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Homemade pasta dough with semolina flour and without eggs. By hand or with the pasta machine.
green homemade pasta on a wood cutter
homemade green pasta nests on a wooden cutter

Homemade pasta dough is quick and easy. You’ll find yourself asking: why do I buy it when I can make homemade pasta from scratch? Oh yes, because it’s a little bit messy too. Flour everywhere, tools to wash, yourself to clean as well…

But, on a Sunday rainy day, or on a Friday end-of-the-week night, making homemade pasta is fun.

Semolina homemade pasta ingredients are just a few: semolina flour, 00 or all-purpose flour (just to powder the working surface and the dough), water, and salt.
Homemade pasta with semolina is eggless: semolina flour is richer in proteins, that will help the dough stay together and better hold the heat of boiling water.

Italian homemade pasta shapes are usually short, like orecchiette and cavatelli. But I like to make long pasta, and you can see from the pictures that even this time I made homemade pasta noodles.

You can make homemade pasta by hand or with a mixer (dough hook on)
And you can also choose between homemade pasta flavors: here I added basil, milled with the flour. Just note that it adds humidity to the dough, so you’ll probably need a little less water.

As for homemade pasta tools: if you are not making pasta in a stand mixer, you only need a working surface (wood is better), a pasta cutter, and a lot of energy.

a seasonal Italian magazine and slow travel journal

Simposio is an independent magazine about Italy. It aims to narrate Italy, the authentic one, describing it through its cuisine, places, lifestyle, and culture.

homemade pasta dough recipe

Course pasta
Cuisine Italian
Servings 2
Author Claudia Rinaldi | Gourmet Project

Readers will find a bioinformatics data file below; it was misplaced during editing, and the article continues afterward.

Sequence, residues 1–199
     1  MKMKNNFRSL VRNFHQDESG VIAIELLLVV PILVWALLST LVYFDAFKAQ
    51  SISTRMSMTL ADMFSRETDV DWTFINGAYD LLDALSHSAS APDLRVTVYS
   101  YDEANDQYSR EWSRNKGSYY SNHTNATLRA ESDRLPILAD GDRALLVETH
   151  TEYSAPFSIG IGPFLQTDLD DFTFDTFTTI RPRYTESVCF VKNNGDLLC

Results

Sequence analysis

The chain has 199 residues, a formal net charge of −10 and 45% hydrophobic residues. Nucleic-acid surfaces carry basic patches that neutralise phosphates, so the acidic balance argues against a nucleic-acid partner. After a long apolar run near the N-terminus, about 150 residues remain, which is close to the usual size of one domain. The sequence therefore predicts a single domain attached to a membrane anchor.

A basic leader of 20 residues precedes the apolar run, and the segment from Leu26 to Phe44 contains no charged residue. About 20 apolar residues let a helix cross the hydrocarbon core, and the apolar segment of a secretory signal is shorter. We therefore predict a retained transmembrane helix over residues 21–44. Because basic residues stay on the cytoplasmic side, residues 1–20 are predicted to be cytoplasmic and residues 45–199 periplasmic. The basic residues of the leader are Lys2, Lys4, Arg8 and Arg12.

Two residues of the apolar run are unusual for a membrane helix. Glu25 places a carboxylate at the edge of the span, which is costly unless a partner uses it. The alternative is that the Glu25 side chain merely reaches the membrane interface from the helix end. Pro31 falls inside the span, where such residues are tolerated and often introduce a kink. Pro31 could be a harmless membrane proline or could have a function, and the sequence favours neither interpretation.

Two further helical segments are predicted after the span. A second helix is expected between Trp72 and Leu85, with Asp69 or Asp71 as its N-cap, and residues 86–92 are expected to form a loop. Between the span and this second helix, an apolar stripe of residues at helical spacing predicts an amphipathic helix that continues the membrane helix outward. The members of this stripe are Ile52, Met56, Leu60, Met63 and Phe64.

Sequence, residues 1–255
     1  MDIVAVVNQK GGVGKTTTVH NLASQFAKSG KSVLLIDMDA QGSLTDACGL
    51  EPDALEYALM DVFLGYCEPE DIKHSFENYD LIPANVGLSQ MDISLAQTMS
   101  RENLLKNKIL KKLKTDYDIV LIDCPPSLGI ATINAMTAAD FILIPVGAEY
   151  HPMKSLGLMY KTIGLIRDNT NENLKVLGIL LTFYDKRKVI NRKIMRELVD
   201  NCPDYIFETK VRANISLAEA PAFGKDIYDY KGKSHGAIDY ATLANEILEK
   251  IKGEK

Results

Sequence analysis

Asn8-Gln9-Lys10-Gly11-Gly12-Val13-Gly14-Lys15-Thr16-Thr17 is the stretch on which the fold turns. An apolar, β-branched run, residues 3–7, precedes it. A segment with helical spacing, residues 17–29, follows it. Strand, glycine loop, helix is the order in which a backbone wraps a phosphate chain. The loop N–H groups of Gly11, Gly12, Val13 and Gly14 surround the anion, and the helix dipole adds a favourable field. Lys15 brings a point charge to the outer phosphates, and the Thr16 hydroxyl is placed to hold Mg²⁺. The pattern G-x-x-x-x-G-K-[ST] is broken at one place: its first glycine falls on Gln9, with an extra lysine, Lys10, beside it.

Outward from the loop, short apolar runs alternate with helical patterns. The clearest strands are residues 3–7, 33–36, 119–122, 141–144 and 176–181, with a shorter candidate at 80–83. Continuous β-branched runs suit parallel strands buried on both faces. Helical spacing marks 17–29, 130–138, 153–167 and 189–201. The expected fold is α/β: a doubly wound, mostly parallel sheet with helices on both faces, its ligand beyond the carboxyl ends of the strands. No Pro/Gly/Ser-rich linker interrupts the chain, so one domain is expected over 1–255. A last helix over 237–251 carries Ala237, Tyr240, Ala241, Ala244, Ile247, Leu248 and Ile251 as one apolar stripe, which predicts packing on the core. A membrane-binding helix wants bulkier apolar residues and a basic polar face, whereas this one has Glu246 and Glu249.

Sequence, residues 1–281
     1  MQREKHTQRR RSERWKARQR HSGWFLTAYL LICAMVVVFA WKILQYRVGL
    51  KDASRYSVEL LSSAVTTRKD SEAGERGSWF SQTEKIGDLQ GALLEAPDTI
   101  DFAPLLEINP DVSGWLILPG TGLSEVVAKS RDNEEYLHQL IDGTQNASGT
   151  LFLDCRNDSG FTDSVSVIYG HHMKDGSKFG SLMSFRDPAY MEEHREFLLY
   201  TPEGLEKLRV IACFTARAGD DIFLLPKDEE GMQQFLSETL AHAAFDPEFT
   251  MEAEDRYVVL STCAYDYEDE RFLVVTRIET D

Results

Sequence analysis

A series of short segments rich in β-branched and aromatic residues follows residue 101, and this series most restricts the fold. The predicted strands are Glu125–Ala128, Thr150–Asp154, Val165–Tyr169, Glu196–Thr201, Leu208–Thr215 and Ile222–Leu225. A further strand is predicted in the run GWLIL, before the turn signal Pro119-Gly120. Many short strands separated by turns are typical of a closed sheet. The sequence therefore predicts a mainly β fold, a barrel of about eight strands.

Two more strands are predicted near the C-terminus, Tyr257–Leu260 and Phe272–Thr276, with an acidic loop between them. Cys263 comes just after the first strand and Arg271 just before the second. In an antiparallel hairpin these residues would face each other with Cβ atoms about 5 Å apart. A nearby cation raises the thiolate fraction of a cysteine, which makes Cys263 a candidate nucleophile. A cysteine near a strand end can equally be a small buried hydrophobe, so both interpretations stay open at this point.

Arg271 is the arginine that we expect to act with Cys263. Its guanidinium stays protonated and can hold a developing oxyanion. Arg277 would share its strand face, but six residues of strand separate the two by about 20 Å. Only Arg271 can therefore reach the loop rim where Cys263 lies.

Ingredients

  • 1.5 cups semolina flour
  • 1/2 cup 00 flour
  • 1 big handful basil leaves optional
  • 1 pinch salt
  • water

Instructions

  1. If you are making basil pasta, grind the (cleaned and dried) basil leaves together with the flours.

  2. Place the flour in the mixer bowl (with kneading hook on), or on a working surface, if you are going to work the dough with your hands. Believe me: it is healing.
  3. Add salt and water, one tiny tablespoon at the time.
  4. Work the dough and add water until you get a smooth and elastic ball, it could take you up to 10 minutes (of manual work). If you are using the mixer, after the dough gets together and a ball forms around the hook, you will need at least a few minutes of extra handwork.
  5. Finally, wrap the dough ball in plastic and let it rest for at least 30 minutes.
  6. Divide the dough into 2-4 even sections. Flour the working surface and sprinkle some more flour over the dough.
  7. Roll it out, working from the center outwards, as thin as you can, to get a rectangular shape.
  8. If you are using a pasta machine, start with the wider aperture, if the dough brakes, fold it and pass it through the machine again. Gradually pass to lower apertures, I usually stop at 7, consider that my machine has 9 apertures.
  9. Use a pasta cutter (or a pasta machine) to cut out long strings of pasta (these are fettuccine/tagliatelle).

  10. Place them on a floured sheet until ready to cook.
  11. Bring a big pot of water (4 cups of water for every serving of pasta) to a boil and add 1 teaspoons of salt every 4 cups of water, more or less. 

  12. Homemade pasta cooking time is variable, around 4 minutes, but stay there and wait: when it comes to the surface, it should be ready. Anyway, taste it and cook it to your taste.

Recipe Notes

Drying homemade pasta: place the cutted/shaped pasta on a rack for at least 24 hours. You don't need a pasta drying rack: any rack, as far as it is perforated, should do the work.You can store it in your pantry up to six months, but be sure it is completely dry.

 

Enjoy your Italian pasta!

Claudia

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